Bay Area emerges from deadly storm

After a punishing and deadly storm, the Bay Area saw more showers Wednesday morning, but without the brutal winds that caused so much carnage the day before.

In fact, it began to rain so heavily in Woodside, that the San Mateo County Sheriff strongly recommended that the 30 residents living on Patrol Road evacuate because of a mudslide. 

KTVU meteorologist Steve Paulson said that pockets of rain and thunderstorms are still in the mix throughout the day, and temperatures will be unseasonably cool in the 50s. 

But, he added: "The wind event is over." 

It was the wind, racing through at 77 mph at Pier 1 in San Francisco, that caused the most damage on Tuesday afternoon through the evening.

At least five people died due to the storm. Two people were killed when trees crashed down on their cars. One man driving a sewer truck in Portola Valley and an elderly man in Rossmoor were victims.

Two people in San Francisco died from separate "storm-related incidents," the mayor's office announced Wednesday. They did not provide more information about the deadly incidents. 

In Oakland, a man in a tent near Lake Merritt was killed by a falling tree Tuesday afternoon. He has not been identified. Authorities believe that he was homeless. 

On Wednesday, the Contra Costa County Coroner identified the man as Thomas Huster, 79, of Walnut Creek. 

The truck driver in Portola Valley was identified as Jesus Ivan Cruz Diaz, 29 of San Jose by the San Mateo County coroner on Wednesday.

"Unfortunately, it was one of those freak accidents," said California Highway Patrol Officer Daniel Hill, said about Cruz Diaz. "He and his partner were driving in two separate vans. They were leaving a job, going to another and unfortunately, he was in the wrong place at the wrong time."

San Francisco also saw downed tree and wires across the city. Two people were critically wounded after they were struck by a falling tree on Post and Polk streets.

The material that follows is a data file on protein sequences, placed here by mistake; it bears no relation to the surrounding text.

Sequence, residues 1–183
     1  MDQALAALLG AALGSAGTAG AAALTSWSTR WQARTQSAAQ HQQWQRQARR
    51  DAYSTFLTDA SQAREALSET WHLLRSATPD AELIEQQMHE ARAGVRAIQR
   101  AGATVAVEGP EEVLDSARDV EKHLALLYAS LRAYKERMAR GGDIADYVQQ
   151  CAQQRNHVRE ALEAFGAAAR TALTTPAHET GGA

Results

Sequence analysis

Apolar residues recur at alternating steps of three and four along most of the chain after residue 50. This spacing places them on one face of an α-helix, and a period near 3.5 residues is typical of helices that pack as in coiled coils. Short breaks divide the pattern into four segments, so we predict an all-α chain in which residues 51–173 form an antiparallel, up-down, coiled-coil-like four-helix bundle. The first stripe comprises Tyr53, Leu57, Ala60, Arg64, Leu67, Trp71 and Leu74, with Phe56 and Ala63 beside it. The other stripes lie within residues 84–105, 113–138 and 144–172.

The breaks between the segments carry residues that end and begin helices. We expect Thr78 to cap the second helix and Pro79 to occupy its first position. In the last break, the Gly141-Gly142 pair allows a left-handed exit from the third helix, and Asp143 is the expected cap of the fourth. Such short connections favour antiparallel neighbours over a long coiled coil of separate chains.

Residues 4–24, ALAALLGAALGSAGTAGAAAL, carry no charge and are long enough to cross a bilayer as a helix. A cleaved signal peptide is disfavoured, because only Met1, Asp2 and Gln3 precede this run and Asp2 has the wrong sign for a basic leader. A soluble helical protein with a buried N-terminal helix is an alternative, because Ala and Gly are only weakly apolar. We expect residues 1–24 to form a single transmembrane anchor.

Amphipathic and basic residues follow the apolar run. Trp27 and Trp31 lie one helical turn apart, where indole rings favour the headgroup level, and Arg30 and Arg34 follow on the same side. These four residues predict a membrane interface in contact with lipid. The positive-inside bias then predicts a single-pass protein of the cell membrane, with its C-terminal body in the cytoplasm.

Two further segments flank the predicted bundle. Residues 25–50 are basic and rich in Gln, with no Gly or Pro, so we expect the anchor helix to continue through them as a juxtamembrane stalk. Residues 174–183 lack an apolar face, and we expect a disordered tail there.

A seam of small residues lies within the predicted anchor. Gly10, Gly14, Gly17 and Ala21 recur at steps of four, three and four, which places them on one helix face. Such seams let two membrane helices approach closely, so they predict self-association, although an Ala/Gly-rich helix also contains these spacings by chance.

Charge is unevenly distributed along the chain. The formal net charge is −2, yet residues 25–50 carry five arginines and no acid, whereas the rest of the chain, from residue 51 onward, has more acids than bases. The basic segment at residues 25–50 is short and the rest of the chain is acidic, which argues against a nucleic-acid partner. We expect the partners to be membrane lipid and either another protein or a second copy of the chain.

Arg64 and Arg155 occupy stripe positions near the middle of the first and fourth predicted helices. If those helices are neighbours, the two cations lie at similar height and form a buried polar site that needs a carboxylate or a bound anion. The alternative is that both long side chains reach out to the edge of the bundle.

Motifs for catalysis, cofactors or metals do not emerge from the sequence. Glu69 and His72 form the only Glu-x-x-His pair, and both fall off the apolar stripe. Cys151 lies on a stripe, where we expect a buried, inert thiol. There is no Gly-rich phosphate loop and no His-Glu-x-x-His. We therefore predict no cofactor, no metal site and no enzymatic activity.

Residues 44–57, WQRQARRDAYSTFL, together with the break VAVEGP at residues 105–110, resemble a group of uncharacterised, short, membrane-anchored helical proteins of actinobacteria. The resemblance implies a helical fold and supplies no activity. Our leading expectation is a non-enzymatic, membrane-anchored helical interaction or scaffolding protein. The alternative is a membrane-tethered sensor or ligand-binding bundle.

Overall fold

Winds also knocked several barges into the historic Lefty O'Doul's Bridge built in 1933 in San Francisco near Oracle Park, causing damage. 

Massive waves also battered San Francisco's Embarcadero, and the winds caused so much turmoil, all San Francisco ferries were shut down just as commuters were arriving to the gates.

"I appreciate they're being safe and probably wouldn't feel good if I were on the ferry anyway," said Anna Piller, who would have been an Alameda ferry passenger.

It was a similar scene at the Oakland estuary, where a section of a dock broke loose and floated away with at least five boats connected to it. 

In Berkeley, standing atop Grizzly Peak felt like it was a hurricane. 

The winds also caused San Francisco International Airport to ground flights and evacuations in Santa Cruz County, where winds gusted up to 80 mph. 

Power was knocked out to nearly 200,000 PG&E customers at its peak, including Stanford University, where Fred Fuchs' 99-year-old father lives. 

"He can't walk," Fuchs said. "He can't go to a hotel. He's stuck at home freezing. How can Stanford University houses be without power?" 

By Wednesday at 3 p.m.., PG&E 64,914 customers were without power, mostly in the East Bay and Peninsula. 

Meteorologists say that the weather should dry up for the weekend, and then residents should prepare for another round of storms on Tuesday.

Randy Hammond of Clayton is ready for the wet weather to be over. 

"Rain is wonderful," she said. "But I'm done."